About the Organ

Saint Peter’s E.M. Skinner Organ was made by Boston’s celebrated Skinner Organ Company, then as now generally considered the finest organ-building firm of their day. The organ’s 2,565 pipes have supported the worship services in this historic church for ninety years.  Affectionately dubbed “Margie” by the musicians who have sat at the console, Opus 862 (as the builder called her) has long been the musical soul of Saint Peter’s Church. 

Ernest M. Skinner’s ability to design an organ that complements its acoustical environment is nowhere more evident than at St. Peter’s Church. A total of forty-seven stops are controlled by a three-manual console. Two-thirds of the pipes are “under expression,” in louvered enclosures that provide a wide dynamic range. While the smallest pipes are the size of soda straws, the largest pipe, if stretched out, could reach across Pine Street. The kaleidoscopic musical resources of this instrument include gentle ethereal whispers, hauntingly beautiful flutes, broad and rich foundation stops, and a powerful tutti that is completely satisfying and never oppressive.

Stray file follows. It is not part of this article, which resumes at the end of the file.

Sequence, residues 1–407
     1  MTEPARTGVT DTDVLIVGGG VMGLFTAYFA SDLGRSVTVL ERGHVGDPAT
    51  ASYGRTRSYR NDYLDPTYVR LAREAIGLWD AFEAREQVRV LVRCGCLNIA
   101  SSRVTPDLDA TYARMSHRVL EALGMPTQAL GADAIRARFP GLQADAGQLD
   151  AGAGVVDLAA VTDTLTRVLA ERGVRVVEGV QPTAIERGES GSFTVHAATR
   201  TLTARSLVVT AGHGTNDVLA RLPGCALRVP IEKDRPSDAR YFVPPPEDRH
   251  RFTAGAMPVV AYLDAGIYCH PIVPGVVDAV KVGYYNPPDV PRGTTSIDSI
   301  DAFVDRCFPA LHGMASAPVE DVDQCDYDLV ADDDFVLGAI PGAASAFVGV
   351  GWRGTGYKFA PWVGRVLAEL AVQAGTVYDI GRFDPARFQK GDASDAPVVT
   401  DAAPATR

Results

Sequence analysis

The ornate organ case was built in 1767 by German craftsman Philip Feyring and decorated by Martin Jugiez. The organ is under the curatorship of the A. Thompson Allen Company. 

Organists visiting Philadelphia are always welcome to include a stop to St. Peter’s to play the organ. Contact us at [email protected] to schedule an appointment.